Between the third book, Grave Peril, and the fourth, Summer Knight, we had a lot going on. There was Harry’s downward spiral, and obsessive research to find a cure for Susan’s condition, and various attacks on the White Council by the Red Court. In the gap between that and Summer Knight and Death Masks? Not so much.

The war against the vampires has ground to a standstill. Even though the vampires were winning, they apparently decided to let up. It seems as though the author has lost interest with the Vampire War story arc, only two books after it was introduced. Either that or his neglect is a stalling tactic so that he can drag it out over a few more volumes.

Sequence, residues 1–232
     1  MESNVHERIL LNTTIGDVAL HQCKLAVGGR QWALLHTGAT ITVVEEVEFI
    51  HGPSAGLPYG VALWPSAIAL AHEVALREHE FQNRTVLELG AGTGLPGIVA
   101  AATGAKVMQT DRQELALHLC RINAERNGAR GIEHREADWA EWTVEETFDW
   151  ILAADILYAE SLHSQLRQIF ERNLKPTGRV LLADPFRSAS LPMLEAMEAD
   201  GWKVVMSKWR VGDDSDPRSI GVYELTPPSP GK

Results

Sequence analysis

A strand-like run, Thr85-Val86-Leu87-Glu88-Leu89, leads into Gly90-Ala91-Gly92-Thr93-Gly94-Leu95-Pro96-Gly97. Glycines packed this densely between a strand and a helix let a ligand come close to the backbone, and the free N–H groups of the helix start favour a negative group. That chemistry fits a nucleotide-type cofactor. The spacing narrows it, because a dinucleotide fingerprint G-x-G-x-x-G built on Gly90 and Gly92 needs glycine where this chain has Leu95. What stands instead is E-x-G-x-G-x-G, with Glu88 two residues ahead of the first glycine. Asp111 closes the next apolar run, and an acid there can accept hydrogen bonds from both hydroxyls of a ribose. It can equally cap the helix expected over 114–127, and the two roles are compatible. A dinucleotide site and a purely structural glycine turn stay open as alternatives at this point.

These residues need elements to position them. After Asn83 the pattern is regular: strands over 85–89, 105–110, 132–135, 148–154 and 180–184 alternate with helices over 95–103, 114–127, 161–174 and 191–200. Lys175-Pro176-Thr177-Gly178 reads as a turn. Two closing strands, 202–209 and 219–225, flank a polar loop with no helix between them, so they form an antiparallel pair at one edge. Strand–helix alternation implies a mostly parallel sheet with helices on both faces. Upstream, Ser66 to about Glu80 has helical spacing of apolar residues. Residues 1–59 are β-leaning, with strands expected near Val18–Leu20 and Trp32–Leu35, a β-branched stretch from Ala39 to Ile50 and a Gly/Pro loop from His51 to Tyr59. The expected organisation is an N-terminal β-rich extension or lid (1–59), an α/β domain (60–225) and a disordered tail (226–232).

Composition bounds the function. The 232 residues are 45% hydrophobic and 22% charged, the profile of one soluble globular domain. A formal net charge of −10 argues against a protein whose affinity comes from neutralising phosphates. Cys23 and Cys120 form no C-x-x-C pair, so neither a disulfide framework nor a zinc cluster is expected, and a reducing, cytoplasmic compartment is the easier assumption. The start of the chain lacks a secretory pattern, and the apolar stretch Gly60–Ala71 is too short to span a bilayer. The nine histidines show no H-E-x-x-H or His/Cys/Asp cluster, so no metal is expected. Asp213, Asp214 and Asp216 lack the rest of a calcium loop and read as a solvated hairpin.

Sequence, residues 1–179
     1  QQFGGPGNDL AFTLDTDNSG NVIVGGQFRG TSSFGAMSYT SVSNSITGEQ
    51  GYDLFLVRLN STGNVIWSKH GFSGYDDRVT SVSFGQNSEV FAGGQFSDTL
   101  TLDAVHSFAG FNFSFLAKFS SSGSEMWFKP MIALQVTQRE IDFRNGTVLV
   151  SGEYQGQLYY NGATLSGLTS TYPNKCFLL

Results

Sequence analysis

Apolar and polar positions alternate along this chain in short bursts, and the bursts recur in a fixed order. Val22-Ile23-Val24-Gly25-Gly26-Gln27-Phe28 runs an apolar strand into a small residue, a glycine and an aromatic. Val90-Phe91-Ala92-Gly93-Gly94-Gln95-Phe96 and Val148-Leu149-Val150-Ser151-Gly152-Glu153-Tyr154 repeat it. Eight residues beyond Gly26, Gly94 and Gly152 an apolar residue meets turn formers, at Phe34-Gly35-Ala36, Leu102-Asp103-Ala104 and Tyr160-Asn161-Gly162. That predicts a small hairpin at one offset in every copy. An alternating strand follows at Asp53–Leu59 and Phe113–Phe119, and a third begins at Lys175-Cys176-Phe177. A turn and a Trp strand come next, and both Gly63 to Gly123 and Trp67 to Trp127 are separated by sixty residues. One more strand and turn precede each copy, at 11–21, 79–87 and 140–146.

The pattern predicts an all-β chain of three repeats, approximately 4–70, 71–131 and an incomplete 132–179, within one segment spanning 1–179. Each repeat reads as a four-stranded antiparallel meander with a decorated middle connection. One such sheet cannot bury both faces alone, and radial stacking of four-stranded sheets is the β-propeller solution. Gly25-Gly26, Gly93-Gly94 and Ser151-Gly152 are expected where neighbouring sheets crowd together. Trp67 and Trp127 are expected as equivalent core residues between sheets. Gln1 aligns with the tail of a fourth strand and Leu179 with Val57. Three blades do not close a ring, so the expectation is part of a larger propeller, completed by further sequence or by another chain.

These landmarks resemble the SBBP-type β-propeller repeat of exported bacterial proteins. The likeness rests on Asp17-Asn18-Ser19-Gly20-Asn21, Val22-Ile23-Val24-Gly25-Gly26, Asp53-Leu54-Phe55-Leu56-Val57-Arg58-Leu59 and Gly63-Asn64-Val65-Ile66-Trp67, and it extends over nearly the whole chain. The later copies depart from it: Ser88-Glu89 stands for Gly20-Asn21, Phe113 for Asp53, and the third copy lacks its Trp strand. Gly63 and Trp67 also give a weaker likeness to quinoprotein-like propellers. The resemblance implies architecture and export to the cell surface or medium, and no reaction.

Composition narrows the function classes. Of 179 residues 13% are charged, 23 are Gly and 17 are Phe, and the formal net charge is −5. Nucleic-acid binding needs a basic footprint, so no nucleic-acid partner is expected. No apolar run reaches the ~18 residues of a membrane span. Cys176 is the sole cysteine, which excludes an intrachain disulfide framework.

Besides the annual movement in the war, Harry also seems to only get big cases on the same schedule. If we have a year between each story, then by the end of this series Harry will be close to 50. So he’ll retain his virility by the fact that wizards age more slowly than regular people, which works fine to justify the action, but he’s pretty high profile and people are going to notice that he’s 100 years old and still has the body of 25 year old. Harry could take a lesson from the Highlander immortals who were more circumspect.